Malta IIP Passes €1bn in Revenue, Has Turned Down €250m Due to High Rejection Rates

 

Malta’s Office of the Regulator of the Individual Investor Programme (ORiip) today published its fifth annual report on the country’s citizenship by investment program. All told, the MIIP has now raised more than one billion euros since inception and could have made at least €250 more, were it not for its exceptionally high rates of rejection.

Application volume cooling off

The MIIP raised a total of €260,575,430 between July 1st, 2017 and June 30th, 2018. The lion’s share – north of €162 million – came in the form of contributions, while real estate investment, property leases, bonds, and fees accounted for the remainder.

Overall, revenues are down 39% on the preceding year.

The total reported revenue from the program amounts to €991,887,277 but, taking into account revenues from fees in the first year (for which data is not available) and overall income in the latter six months of 2018 (for which data will only be available next year), it’s safe to say that total FDI accruing from the program is now well north of €1 billion.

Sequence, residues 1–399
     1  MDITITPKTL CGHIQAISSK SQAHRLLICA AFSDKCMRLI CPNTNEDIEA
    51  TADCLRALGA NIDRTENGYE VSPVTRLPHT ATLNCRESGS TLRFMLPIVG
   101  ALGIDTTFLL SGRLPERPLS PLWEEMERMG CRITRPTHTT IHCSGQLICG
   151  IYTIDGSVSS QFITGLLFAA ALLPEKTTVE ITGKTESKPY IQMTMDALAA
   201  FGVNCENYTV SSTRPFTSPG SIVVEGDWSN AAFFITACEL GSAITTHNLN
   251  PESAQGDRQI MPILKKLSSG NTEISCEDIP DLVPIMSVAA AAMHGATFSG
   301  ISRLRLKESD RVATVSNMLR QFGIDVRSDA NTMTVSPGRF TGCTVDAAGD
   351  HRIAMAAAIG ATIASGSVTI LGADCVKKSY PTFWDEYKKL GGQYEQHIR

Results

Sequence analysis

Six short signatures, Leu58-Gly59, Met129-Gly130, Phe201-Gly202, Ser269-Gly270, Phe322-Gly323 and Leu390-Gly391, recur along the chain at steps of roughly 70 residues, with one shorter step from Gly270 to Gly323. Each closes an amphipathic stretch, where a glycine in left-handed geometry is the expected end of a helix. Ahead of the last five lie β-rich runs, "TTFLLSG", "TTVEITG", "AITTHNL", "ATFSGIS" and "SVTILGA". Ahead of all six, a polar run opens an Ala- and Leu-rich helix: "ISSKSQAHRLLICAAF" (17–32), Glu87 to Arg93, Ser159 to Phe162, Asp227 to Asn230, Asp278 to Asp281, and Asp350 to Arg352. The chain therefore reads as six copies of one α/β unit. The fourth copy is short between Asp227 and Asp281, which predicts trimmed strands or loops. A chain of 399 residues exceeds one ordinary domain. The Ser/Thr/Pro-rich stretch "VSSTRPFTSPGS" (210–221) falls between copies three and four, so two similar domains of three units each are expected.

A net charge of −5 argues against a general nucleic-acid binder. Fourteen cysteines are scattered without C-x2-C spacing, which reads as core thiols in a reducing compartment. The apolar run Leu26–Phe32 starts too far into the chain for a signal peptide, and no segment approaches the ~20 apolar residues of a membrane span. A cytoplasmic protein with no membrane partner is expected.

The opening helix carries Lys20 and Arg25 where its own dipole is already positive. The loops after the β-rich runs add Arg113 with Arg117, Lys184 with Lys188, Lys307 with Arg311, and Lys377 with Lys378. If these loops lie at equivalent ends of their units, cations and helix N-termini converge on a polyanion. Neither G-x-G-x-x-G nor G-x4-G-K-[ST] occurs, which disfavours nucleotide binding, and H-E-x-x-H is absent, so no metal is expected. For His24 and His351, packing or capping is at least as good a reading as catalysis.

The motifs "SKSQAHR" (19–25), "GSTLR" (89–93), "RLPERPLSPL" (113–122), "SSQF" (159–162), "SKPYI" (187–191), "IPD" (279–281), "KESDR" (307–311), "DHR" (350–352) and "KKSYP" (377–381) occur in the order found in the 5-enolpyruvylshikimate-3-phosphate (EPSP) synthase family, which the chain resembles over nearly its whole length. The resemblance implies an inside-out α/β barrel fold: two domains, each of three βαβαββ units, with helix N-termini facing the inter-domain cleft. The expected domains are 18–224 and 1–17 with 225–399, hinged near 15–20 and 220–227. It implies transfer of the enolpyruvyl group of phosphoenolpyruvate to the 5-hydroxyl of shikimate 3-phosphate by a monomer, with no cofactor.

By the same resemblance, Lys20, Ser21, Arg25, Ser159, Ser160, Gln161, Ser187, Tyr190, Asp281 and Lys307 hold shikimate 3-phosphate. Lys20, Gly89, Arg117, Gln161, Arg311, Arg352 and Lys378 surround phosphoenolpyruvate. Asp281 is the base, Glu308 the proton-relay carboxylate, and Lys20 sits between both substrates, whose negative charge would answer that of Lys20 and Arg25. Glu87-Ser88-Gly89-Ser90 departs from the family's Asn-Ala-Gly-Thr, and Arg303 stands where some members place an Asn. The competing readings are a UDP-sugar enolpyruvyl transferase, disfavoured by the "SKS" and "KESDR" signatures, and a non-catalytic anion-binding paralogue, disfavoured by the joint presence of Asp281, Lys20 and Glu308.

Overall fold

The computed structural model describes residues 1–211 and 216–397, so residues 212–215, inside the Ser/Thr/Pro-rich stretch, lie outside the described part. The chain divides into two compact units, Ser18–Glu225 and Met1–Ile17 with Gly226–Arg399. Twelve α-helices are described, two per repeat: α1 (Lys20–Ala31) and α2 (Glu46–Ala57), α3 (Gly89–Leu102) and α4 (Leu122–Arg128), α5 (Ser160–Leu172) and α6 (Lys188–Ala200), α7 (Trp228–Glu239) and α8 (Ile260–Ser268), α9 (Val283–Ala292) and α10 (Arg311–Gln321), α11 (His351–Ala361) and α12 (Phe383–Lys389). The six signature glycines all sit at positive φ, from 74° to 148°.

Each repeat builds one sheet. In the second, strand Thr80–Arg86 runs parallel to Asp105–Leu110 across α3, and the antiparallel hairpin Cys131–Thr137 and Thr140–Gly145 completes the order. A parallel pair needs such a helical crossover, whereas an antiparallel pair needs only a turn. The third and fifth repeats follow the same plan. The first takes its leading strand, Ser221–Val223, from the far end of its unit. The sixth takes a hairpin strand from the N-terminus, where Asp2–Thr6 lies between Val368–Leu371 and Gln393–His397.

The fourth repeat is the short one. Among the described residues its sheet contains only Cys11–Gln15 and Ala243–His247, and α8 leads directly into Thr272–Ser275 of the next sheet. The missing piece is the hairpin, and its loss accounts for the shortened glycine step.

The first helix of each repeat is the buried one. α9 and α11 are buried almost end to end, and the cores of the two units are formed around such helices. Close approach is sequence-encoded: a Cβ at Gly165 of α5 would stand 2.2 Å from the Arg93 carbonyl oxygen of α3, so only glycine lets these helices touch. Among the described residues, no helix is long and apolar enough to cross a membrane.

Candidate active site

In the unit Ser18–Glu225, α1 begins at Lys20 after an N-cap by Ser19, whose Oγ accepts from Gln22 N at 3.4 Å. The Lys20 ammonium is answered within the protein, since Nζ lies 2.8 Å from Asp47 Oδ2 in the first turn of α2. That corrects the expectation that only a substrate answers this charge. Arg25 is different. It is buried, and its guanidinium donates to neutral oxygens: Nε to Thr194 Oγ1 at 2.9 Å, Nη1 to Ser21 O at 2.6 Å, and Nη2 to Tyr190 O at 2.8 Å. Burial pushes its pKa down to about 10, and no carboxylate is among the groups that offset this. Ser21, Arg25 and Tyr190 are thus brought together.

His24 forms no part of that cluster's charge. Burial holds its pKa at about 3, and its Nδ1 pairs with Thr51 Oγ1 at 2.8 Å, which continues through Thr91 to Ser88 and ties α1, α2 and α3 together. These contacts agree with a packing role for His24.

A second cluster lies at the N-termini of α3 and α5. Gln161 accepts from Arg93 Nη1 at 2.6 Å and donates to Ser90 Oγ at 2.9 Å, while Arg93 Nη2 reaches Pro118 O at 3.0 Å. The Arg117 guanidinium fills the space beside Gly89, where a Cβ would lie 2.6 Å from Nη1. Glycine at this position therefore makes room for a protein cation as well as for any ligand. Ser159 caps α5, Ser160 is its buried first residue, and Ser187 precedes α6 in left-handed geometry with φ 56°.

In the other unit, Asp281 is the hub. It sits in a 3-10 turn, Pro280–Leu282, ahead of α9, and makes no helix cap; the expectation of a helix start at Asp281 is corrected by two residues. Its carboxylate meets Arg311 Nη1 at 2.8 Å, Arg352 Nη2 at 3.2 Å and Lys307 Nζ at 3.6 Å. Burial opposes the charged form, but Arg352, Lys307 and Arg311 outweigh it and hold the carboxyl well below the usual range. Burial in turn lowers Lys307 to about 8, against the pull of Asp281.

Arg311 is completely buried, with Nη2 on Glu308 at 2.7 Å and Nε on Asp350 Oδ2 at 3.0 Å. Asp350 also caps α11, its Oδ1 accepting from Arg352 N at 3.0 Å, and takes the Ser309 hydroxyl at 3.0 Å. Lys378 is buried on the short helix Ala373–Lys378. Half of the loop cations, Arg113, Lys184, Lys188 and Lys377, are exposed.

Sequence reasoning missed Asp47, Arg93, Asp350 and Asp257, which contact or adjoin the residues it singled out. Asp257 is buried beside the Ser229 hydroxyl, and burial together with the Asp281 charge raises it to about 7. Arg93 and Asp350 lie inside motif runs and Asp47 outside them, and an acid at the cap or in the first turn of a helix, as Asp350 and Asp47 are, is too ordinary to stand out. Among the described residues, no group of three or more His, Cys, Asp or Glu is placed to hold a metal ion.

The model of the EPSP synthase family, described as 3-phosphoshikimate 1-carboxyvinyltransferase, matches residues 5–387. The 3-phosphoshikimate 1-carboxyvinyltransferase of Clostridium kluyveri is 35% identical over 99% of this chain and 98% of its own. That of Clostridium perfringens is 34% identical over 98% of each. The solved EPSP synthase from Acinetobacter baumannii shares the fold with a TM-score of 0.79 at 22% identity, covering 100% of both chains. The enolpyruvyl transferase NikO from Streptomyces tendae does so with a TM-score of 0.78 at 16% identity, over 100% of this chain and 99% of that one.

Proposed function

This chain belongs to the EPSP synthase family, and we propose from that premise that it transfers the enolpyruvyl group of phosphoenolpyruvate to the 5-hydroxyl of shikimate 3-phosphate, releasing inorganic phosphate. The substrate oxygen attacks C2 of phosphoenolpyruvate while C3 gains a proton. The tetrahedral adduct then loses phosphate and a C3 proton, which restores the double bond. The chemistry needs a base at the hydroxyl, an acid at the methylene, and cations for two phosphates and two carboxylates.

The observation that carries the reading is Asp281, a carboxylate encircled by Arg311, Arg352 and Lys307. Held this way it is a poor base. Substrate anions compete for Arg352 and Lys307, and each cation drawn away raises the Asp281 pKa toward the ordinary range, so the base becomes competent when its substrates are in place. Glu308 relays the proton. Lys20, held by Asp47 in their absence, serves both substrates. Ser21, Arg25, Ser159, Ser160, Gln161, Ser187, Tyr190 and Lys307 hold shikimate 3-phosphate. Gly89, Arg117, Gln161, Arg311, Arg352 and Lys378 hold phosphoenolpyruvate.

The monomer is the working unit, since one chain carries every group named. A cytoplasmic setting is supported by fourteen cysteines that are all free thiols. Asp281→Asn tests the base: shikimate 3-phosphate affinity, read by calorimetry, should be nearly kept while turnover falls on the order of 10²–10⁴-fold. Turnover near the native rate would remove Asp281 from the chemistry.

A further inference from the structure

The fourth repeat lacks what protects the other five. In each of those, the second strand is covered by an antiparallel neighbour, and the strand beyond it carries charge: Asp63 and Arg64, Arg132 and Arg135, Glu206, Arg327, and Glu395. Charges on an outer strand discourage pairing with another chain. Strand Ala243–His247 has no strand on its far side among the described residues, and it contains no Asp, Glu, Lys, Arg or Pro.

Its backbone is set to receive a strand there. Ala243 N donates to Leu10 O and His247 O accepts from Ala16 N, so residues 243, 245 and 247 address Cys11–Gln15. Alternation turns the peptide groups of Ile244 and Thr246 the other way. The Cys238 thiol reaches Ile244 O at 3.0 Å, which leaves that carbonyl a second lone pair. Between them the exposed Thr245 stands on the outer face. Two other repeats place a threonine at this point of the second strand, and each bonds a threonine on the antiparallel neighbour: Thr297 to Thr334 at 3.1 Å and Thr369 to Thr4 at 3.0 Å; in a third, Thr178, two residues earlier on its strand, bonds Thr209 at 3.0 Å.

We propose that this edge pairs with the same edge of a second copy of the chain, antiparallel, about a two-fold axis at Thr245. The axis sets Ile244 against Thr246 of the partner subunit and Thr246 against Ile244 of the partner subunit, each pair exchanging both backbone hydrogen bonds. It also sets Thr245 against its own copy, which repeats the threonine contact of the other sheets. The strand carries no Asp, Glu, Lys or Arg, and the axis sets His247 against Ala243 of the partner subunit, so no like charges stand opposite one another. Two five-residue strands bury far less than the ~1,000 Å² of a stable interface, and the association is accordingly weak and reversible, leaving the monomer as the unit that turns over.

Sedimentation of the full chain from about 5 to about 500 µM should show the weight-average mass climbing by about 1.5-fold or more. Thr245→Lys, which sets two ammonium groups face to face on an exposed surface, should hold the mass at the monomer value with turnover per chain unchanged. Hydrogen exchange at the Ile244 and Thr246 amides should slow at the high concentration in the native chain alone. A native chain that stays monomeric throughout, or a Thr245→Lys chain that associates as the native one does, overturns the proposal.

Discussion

Increasingly popular with Asians

Some 62% of applicants were of European origin – by the broadest definition of that term – while Asians made up about a third of applications and constitute the fastest growing contingent of investors in the program.

Needle’s eye 

While raising a billion euros, the MIIP has rejected nearly a quarter of all applicants, passing up on a quarter of a billion (likely more) of FDI, a hefty but probably necessary price to pay for integrity.

Read also: Chetcuti: 5 Common Reasons for Rejection of Maltese Citizenship Applications

During the same period, 266 applicants and 648 of their dependents reached the naturalizations stage. Since inception, nearly three thousand applicants have obtained Maltese citizenship.

MIIP applicants bought 30 million euros worth of real estate during the period, bringing total property investment under the program to slightly more than €100 million.

On average, they spent close to €1.2 million, more three times the required minimum.

The share of participants choosing to purchase rather than lease property, however, has dropped precipitously over the last two years, from one in five to less than one in ten. 

Changing gender composition; changing risk appetites

Of note is that applicants’ preference for renting over investing shows a remarkably close negative correlation with the proportion of female applicants, which has grown from 8% in 2015 to 21% today.

The number of service providers now licensed to submit applications has grown steadily since the beginning and currently stands at 159.

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